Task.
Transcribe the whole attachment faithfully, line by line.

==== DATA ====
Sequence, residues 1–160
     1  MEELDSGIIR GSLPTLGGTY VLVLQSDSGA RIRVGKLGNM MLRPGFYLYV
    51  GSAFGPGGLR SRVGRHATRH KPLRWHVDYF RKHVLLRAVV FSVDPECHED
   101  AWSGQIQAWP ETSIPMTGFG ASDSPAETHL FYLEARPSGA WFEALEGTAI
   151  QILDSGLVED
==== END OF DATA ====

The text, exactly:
Sequence, residues 1–160
     1  MEELDSGIIR GSLPTLGGTY VLVLQSDSGA RIRVGKLGNM MLRPGFYLYV
    51  GSAFGPGGLR SRVGRHATRH KPLRWHVDYF RKHVLLRAVV FSVDPECHED
   101  AWSGQIQAWP ETSIPMTGFG ASDSPAETHL FYLEARPSGA WFEALEGTAI
   151  QILDSGLVED